Although the Anglo-Saxon monarchs are known to have rewarded their loyal subjects with rings and other symbols of favour, it was the Normans who introduced knighthoods as part of their feudal government.
 
The first English order of chivalry, the Order of the Garter, was created in 1348 by Edward III. Since then the system has evolved to address the changing need to recognise other forms of service to the United Kingdom.
 
As the head of state, the Sovereign remains the 'fount of honour', but the system for identifying and recognising candidates to honour has changed considerably over time.
 
Various orders of knighthood have been created (see below) as well as awards for military service, bravery, merit, and achievement which take the form of decorations or medals.
 
Most medals are not graded. Each one recognises specific service and as such there are normally set criteria which must be met. These criteria may include a period of time and will often delimit a particular geographic region. Medals are not normally presented by the Sovereign.
 
A full list is printed in the 'order of wear', published infrequently by the London Gazette.
 
A complete list of approximately 1350 names is published twice a year, at New Year and on the date of the Sovereign's (official) birthday. Since their decisions are inevitably subjective, the twice-yearly honours lists often provoke criticism from those who feel strongly about particular cases.
 
Candidates are identified by public or private bodies, by government departments or are nominated by members of the public. Depending on their roles, those people selected by committee are submitted either to the Prime Minister, Secretary of State for Foreign and Commonwealth Affairs, or Secretary of State for Defence for their approval before being sent to the Sovereign for final approval.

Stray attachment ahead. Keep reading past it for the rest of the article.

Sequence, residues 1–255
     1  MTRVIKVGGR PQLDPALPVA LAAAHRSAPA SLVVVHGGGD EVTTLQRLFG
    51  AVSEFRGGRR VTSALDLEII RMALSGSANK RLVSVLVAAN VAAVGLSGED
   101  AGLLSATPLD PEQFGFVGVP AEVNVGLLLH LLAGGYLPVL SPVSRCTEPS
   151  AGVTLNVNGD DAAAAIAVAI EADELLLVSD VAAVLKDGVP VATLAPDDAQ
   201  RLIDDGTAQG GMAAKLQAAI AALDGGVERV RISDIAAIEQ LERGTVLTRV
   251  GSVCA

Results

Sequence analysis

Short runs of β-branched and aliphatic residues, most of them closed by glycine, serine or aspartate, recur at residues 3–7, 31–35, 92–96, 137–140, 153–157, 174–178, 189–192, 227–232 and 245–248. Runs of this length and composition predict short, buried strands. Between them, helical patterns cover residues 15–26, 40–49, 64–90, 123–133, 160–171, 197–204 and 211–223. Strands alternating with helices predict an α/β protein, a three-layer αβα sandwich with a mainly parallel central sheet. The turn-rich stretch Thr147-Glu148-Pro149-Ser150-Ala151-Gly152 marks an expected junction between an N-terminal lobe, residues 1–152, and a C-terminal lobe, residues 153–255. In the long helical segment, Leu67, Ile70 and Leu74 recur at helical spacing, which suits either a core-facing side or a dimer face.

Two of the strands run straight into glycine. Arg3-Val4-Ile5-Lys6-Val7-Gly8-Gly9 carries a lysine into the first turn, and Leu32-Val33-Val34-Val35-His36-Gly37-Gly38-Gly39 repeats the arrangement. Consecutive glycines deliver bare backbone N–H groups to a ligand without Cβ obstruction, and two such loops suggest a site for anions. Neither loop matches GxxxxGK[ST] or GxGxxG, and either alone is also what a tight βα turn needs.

Certain honours are awarded solely at the Sovereign's discretion, such as the Order of the Garter, the Order of the Thistle, the Royal Victorian Order, the Order of Merit and the Royal Family Order.
 
The awards are then presented by the Sovereign or her designated representative. The Prince of Wales, the Duke of Cambridge and the Princess Royal have deputised for the Queen at investiture ceremonies at Buckingham Palace.
 
This information was taken from ‘Wikipedia’. The original article and details of the authors can be found here. It is reproduced on this web-site under the ‘creative commons’ licence which can be found here.
 
The London Gazette - The London Gazette is one of the official journals of record of the British government, and the most important among such official journals in the United Kingdom, in which certain statutory notices are required to be published. The London Gazette claims to be the oldest surviving English newspaper and the oldest continuously published newspaper in the UK, having been first published on 7 November 1665 as The Oxford Gazette.
 
This title is also claimed by the Stamford Mercury and Berrow's Worcester Journal, because the Gazette is not a conventional newspaper offering general news coverage. It does not have a large circulation.
 
Other official newspapers of the UK government are the Edinburgh and Belfast Gazettes, which, apart from reproducing certain materials of nationwide interest published in The London Gazette, also contain publications specific to Scotland and Northern Ireland, respectively.
 
In turn, The London Gazette not only carries notices of UK-wide interest, but those relating specifically to entities or people in England and Wales. However, certain notices that are only of specific interest to Scotland or Northern Ireland are also required to be published in The London Gazette.
 
The London, Edinburgh and Belfast Gazettes are published by TSO on behalf of Her Majesty's Stationery Office. They are subject to Crown Copyright.
 
In the British Armed Forces, the despatch is published in the London Gazette.
 
This information was taken from ‘Wikipedia’. The original article and details of the authors can be found here. It is reproduced on this web-site under the ‘creative commons’ licence which can be found here.